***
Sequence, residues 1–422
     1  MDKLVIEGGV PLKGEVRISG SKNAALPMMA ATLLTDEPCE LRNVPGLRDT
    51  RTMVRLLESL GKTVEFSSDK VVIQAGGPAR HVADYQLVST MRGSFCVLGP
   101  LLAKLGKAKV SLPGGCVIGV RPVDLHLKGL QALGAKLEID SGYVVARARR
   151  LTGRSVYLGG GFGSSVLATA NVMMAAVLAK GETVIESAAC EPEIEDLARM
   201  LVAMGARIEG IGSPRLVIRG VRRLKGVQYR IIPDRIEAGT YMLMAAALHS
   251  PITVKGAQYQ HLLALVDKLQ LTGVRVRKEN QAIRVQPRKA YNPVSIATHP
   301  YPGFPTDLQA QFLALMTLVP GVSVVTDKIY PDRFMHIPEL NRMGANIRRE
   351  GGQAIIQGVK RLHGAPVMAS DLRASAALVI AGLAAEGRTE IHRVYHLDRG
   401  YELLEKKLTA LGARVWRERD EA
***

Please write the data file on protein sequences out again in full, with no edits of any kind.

Sequence, residues 1–422
     1  MDKLVIEGGV PLKGEVRISG SKNAALPMMA ATLLTDEPCE LRNVPGLRDT
    51  RTMVRLLESL GKTVEFSSDK VVIQAGGPAR HVADYQLVST MRGSFCVLGP
   101  LLAKLGKAKV SLPGGCVIGV RPVDLHLKGL QALGAKLEID SGYVVARARR
   151  LTGRSVYLGG GFGSSVLATA NVMMAAVLAK GETVIESAAC EPEIEDLARM
   201  LVAMGARIEG IGSPRLVIRG VRRLKGVQYR IIPDRIEAGT YMLMAAALHS
   251  PITVKGAQYQ HLLALVDKLQ LTGVRVRKEN QAIRVQPRKA YNPVSIATHP
   301  YPGFPTDLQA QFLALMTLVP GVSVVTDKIY PDRFMHIPEL NRMGANIRRE
   351  GGQAIIQGVK RLHGAPVMAS DLRASAALVI AGLAAEGRTE IHRVYHLDRG
   401  YELLEKKLTA LGARVWRERD EA